…just mostly Holmes most of the time. But this last weekend, I went to see a movie with my friend Liz from work. What did we see?
The Wolfman was…a little problematic. I think overall, we both had fun seeing it, but there were things that can only be described as, yeah, problematic. First of all, I can’t quite decide what this movie was trying to be. I felt like it was sort of aware of what it was doing, especially with the hyper-violence (there is a lot of disemboweling in this movie – A LOT) and kind of over-the-top atmosphere (more on that in a moment), but I’m not sure it knew that we knew that it knew what it was doing. Are you lost? Yeah, so am I. See? Problematic!
We could actually put our fingers on one problem – the pacing. There are three big set pieces of chasing and gore: 1) in the gypsy camp, 2) the rampage in London, and 3) the final showdown. But in between that – and with the film clocking in at only 1 hour and 42 minutes (rather short for a period horror/drama film, I thought) – things seem to fly past. Especially the interactions between Emily Blunt and Benicio del Toro (who is strangely appealing in this role – at least so long as he keeps his mouth shut!).
And just two silly things now. First, after his rampage in London, there is a moment where Wolfie takes refuge under a bridge near the Thames and creeps down to the river for a drink. My immediate thought was ‘Well, forget silver bullets, I think that should take care of things rather quickly for us.’ I mean, Victorian Thames water is probably the worst thing you could ever dream of drinking! But I suppose his wolf constitution is rather stronger than a man’s so perhaps he can be forgiven for surviving a bit longer.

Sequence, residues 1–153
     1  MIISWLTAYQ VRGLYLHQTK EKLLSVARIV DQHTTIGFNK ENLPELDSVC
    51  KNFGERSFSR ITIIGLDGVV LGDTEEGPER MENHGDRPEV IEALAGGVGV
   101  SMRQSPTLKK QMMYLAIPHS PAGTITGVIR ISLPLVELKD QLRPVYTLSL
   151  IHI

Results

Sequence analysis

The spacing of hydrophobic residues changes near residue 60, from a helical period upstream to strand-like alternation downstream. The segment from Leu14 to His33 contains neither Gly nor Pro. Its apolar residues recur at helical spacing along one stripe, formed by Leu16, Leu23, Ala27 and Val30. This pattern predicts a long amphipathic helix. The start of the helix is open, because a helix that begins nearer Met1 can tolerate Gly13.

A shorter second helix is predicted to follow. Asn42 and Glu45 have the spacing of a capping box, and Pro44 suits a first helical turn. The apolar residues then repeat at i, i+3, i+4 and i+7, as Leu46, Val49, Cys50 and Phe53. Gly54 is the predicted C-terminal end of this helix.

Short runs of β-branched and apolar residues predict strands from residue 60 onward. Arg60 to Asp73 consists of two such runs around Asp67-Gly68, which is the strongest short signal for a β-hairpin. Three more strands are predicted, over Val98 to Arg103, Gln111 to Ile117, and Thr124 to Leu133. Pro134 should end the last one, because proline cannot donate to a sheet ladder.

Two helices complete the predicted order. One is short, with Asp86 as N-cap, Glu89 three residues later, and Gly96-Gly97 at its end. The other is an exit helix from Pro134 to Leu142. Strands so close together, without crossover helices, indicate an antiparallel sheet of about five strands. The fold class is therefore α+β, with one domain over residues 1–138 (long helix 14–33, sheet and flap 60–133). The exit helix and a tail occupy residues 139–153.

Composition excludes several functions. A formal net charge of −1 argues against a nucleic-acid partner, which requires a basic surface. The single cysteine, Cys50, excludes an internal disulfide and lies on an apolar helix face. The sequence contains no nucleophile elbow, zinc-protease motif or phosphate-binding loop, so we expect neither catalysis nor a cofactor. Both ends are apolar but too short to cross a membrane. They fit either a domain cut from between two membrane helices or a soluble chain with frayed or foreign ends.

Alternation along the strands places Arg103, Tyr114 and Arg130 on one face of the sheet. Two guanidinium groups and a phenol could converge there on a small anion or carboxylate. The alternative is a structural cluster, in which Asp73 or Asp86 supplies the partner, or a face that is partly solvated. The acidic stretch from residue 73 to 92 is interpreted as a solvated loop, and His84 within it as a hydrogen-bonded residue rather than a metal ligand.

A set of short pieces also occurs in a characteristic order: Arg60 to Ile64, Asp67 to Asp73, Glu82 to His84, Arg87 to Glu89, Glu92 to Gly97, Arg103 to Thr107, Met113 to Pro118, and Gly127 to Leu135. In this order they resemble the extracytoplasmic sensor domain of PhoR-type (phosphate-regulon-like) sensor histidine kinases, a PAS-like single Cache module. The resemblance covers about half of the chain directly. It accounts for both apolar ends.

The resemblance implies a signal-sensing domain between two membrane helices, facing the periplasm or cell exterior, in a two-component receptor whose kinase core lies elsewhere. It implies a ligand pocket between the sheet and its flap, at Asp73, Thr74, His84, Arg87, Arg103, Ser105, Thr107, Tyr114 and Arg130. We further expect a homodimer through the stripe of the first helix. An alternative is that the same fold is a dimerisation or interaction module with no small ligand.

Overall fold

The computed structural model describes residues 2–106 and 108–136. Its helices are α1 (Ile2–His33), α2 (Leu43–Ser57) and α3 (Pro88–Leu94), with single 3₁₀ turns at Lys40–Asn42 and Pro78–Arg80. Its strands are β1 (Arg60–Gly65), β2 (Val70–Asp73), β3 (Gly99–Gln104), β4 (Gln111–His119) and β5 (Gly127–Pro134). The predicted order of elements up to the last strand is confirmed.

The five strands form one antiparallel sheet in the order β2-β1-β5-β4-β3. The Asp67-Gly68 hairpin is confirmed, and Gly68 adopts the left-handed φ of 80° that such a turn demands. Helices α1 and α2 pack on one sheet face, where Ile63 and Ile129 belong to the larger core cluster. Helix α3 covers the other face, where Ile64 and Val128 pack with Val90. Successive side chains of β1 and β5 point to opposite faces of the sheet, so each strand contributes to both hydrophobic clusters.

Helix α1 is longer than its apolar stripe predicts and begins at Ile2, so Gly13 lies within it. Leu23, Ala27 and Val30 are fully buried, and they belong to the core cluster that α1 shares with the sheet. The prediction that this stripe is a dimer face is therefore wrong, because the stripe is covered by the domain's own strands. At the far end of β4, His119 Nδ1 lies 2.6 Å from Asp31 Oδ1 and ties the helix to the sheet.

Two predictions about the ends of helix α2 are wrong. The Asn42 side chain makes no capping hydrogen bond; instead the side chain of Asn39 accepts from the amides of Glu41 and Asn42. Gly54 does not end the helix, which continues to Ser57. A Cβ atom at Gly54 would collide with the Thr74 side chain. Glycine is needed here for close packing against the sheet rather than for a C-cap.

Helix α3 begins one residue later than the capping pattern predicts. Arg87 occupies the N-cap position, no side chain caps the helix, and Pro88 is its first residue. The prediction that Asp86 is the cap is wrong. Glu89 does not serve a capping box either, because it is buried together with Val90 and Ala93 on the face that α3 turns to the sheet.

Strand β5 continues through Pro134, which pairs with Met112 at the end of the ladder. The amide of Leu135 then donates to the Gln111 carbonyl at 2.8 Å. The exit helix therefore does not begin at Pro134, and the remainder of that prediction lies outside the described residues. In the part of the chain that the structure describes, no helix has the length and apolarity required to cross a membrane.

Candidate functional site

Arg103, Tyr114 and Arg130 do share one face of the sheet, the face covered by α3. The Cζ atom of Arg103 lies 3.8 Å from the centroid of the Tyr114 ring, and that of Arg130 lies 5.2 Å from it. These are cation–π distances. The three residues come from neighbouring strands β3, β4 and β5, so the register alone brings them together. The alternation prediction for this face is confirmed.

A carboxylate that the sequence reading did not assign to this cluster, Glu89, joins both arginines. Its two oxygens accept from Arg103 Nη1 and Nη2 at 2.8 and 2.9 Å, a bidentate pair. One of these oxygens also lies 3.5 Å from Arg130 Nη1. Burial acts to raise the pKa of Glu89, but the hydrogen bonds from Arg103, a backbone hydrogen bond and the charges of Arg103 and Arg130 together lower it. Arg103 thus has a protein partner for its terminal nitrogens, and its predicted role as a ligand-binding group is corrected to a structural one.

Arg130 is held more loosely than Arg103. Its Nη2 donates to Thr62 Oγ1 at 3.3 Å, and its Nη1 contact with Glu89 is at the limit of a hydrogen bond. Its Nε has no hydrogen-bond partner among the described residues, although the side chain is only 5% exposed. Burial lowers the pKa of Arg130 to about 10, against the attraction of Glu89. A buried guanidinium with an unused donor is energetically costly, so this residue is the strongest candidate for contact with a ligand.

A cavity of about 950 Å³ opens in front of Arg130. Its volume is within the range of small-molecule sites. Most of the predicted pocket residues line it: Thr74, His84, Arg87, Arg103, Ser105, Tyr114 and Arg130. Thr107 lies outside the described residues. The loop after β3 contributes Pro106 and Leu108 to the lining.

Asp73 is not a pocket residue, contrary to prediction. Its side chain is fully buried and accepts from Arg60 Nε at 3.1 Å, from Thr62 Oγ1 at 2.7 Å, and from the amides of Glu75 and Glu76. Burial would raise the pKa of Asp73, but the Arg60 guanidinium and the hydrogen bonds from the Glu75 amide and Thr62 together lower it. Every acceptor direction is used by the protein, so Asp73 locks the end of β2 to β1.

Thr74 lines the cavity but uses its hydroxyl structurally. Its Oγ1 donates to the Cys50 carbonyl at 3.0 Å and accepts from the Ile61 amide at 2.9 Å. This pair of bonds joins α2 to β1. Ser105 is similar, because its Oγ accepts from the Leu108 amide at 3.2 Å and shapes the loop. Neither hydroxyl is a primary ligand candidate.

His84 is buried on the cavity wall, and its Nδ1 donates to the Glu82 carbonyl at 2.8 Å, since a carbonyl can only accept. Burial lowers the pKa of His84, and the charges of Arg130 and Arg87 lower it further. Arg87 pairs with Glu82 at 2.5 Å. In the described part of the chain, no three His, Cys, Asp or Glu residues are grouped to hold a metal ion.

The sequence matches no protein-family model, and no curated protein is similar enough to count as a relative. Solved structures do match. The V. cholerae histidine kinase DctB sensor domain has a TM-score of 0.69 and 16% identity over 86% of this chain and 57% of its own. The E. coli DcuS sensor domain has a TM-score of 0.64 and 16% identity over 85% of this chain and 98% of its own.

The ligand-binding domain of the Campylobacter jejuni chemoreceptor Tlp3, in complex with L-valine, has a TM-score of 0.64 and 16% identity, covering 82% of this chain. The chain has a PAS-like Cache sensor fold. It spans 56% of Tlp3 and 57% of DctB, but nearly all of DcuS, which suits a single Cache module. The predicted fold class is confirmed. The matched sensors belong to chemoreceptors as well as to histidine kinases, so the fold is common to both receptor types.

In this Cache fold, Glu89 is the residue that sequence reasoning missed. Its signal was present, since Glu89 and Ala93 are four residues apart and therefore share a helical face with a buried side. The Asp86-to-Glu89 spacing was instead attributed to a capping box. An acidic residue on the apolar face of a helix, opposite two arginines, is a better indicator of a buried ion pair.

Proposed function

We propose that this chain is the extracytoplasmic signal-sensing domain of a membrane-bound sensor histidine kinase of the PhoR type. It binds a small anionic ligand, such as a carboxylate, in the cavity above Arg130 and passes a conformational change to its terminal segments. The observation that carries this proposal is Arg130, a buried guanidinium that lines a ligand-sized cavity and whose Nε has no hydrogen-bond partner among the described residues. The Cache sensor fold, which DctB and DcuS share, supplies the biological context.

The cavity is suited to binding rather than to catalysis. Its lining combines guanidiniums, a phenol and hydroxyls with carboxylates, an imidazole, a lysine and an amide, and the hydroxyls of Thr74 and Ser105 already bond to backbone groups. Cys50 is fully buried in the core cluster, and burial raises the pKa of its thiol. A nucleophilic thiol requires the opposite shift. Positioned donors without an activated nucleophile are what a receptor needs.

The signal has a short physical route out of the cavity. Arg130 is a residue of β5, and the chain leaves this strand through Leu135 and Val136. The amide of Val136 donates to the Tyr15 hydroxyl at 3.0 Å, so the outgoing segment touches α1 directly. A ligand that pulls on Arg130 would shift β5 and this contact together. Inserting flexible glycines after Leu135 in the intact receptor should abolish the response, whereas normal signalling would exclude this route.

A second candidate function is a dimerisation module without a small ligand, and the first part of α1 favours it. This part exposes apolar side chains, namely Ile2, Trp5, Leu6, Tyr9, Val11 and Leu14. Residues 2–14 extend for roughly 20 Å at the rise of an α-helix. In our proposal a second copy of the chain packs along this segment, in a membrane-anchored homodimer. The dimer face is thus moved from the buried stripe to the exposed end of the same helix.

Then, as he makes his way (SLOWLY!) back to the more suitably eerie moors of the beginning of the film, he and Emily Blunt basically make their separate ways through this painting:
Seriously. Indulge me for a moment and just stare at that picture for a while. Now imagine a man staggering through it. Now imagine a woman riding a horse through it. And now some staggering while a tree is being cut down (no, I’m not kidding – DO IT!). And maybe a little more staggering. All set? You have now experienced the third quarter of The Wolfman.
Even though it sounds like I’m pretty down on this movie it was pretty fun – Anthony Hopkins is suitably creepy, Emily Blunt suitably heroic, Hugo Weaving suitably cynical (but awesome), and Benicio del Toro (so long as he remains silent) suitably dashing and tragic.
My rating: Perfectly fun, but I wasn’t kidding about the disemboweling, so be sure your constitution is suitably sturdy (maybe practice by drinking out of the Thames first and see how you go).